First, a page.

“They’re terribly weak,” Thelana said, “like feeble old men.”

“Aye,” Demacharon replied, “but they’re many. Too many.”

The battle drew them inward, to where the idol had collapsed. With nowhere left to retreat, they were forced toward higher ground. Xandr and Demacharon clamored over the knuckles and broken fingers of Sargonus as hoplites fell and were devoured behind them. With nothing but the weight of her sword to encumber her, Thelana was first to reach the head of the fallen god. A cluster of webbed hands groped her ankles as she reached for the earlobe, but her sword was quicker, shortening the reach of their arms as she swung herself up and over the idol face to safety.

Gelatinous limbs flailed up, yanking men down from their perches. Merquid were slow to climb and defenseless as they ascended, so Thelana found the killing effortless, but disturbing. Destroying life, even in self-defense, detached her from the world, and made the Goddess feel remote. She would have preferred using her bow so as not to stare into those horrid bulbous eyes, but the compartment that held her arrows was empty, and there were no dead archers around for her to steal from. She alternated between cutting down merquid and reaching for survivors. Most were torn apart before making it to the top, but what of Xandr, she suddenly realized? Her heart throbbed as she dared to glance out across the chaos, where few of the Hedonians’ red and gold armor could be counted among the pale green of the merquid. But her dread was short-lived. They were back to back. She could feel him against her, his warm shoulder blades flexing as he fought.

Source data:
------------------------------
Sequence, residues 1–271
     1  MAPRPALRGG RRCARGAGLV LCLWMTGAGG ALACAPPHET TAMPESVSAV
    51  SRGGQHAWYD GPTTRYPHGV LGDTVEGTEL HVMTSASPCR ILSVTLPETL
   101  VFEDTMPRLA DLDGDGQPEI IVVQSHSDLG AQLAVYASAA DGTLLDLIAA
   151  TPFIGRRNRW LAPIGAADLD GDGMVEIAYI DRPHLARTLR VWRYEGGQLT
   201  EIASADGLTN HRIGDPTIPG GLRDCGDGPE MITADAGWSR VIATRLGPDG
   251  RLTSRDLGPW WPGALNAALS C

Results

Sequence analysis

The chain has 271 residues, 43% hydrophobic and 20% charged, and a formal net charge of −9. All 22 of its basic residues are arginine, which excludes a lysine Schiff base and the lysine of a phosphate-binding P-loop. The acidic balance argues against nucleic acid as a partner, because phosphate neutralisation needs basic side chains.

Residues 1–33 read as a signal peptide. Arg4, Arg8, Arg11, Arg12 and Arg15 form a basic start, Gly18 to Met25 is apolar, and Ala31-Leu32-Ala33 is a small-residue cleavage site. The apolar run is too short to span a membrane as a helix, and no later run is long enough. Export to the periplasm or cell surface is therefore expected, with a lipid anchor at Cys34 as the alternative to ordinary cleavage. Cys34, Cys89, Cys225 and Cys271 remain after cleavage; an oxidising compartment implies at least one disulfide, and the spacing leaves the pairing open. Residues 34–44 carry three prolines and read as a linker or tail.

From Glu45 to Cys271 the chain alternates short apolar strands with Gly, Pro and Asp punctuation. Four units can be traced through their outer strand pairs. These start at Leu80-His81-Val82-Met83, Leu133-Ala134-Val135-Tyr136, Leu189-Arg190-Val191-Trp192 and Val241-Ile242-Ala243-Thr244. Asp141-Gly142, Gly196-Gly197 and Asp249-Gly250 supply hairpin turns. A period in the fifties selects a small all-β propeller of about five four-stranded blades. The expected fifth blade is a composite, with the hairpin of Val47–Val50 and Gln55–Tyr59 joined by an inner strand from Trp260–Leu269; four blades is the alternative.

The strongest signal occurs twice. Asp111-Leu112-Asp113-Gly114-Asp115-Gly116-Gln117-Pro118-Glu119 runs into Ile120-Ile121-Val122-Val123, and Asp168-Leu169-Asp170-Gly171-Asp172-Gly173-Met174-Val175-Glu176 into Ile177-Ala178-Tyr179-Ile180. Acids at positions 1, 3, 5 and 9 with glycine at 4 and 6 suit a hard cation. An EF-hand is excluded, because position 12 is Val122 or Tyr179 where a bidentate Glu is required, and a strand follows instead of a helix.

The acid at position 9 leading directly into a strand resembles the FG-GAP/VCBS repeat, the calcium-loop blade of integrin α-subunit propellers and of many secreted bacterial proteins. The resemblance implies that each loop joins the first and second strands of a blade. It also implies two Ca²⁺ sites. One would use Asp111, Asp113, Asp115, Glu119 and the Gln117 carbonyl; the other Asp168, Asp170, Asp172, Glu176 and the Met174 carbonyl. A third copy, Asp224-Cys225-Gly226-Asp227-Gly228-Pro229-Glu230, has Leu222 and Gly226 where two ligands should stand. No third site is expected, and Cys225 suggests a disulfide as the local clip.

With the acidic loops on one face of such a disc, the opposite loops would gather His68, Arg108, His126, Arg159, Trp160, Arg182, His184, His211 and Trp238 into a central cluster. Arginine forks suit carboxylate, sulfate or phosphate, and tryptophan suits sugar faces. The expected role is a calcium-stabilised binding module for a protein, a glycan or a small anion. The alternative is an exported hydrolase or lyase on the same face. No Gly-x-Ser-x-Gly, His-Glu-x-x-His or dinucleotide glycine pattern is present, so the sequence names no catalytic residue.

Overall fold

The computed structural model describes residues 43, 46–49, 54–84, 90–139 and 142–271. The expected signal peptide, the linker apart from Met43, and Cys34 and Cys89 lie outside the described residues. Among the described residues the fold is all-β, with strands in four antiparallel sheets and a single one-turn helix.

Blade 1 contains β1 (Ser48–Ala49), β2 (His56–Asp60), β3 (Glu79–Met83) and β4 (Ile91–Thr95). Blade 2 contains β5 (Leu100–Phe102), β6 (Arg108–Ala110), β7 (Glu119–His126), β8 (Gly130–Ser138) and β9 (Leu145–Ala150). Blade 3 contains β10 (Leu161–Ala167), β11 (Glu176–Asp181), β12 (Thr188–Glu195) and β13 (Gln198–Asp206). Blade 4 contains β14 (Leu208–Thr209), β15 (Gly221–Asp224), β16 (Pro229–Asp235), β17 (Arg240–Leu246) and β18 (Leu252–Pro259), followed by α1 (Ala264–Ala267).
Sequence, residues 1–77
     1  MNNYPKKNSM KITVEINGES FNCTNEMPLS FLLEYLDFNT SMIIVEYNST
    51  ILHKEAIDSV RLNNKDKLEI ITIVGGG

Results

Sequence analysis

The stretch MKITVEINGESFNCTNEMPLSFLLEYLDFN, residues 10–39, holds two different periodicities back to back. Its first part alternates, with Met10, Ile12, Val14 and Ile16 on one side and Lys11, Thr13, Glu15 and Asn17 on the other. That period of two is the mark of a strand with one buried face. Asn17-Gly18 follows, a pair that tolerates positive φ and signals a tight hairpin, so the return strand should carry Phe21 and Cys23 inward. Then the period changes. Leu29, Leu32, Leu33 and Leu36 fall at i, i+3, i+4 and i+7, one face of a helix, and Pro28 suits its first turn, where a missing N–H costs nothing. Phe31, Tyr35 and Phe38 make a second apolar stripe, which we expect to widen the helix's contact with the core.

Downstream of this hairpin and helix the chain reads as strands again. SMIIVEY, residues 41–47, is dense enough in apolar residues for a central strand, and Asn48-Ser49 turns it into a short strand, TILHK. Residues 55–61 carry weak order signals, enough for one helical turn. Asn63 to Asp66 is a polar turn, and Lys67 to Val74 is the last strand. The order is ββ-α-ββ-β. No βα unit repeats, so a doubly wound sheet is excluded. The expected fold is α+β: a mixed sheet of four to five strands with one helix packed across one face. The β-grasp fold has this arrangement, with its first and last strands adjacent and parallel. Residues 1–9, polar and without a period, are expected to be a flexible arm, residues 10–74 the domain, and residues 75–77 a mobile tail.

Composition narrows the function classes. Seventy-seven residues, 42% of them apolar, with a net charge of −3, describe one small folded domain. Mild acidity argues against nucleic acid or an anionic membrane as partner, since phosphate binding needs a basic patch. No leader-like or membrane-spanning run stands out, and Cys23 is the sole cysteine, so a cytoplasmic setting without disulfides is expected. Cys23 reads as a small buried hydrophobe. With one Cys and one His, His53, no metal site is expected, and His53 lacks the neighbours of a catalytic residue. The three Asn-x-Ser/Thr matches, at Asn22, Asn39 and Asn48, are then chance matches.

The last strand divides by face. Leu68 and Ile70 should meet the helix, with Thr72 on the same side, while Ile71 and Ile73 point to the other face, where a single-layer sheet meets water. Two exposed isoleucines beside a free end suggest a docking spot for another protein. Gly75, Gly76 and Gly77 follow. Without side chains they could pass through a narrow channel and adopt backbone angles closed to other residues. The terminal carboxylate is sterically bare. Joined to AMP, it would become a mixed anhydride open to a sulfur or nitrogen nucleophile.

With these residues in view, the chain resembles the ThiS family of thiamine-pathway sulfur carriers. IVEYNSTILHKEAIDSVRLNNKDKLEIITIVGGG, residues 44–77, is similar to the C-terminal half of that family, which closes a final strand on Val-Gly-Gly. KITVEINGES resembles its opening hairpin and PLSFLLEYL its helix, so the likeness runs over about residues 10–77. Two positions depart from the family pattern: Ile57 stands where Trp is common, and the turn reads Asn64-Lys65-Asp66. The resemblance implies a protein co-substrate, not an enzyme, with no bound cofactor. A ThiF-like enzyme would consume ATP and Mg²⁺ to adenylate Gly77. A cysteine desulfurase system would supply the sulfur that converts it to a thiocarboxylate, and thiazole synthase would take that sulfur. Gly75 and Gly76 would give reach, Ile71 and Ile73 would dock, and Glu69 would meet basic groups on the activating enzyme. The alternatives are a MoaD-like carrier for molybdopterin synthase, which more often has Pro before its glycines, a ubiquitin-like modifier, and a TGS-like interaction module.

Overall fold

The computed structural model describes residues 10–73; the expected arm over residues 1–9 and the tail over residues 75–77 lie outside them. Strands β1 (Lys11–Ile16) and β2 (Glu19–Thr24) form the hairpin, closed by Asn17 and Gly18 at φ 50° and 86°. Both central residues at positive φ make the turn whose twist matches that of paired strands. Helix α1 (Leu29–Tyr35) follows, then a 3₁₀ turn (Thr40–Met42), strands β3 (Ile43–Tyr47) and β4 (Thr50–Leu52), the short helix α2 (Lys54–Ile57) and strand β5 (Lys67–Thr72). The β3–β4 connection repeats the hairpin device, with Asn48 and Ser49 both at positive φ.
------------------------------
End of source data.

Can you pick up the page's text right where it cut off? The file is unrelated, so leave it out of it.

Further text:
“I rescued you from that pit only to let you die a few passings later,” he said, without turning to face her.

“It doesn’t matter,” she said, finding sanctuary atop the statue’s nose, where she stood above the warring masses that moved in patterns demarcated by bloodshed. Cupping her mouth, she cried out, “We meet Alashiya with courage!”